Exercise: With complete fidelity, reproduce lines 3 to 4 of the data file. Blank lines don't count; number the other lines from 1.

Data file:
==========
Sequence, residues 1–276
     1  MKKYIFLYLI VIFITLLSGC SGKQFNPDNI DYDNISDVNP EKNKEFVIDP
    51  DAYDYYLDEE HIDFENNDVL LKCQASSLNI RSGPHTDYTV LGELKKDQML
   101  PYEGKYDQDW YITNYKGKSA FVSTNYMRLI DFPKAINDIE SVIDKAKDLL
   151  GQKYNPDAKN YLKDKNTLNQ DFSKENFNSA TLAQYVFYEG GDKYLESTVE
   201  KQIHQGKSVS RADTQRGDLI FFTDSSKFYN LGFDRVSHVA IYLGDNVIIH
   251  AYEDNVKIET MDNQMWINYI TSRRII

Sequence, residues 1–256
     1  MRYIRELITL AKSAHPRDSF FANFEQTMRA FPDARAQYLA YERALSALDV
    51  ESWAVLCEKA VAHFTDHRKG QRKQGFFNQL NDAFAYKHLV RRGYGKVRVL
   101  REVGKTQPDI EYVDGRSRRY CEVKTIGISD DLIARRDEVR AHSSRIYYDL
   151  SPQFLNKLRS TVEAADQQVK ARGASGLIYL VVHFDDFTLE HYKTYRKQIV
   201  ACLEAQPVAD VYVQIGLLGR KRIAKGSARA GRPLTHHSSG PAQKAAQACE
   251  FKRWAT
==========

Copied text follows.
    51  DAYDYYLDEE HIDFENNDVL LKCQASSLNI RSGPHTDYTV LGELKKDQML
   101  PYEGKYDQDW YITNYKGKSA FVSTNYMRLI DFPKAINDIE SVIDKAKDLL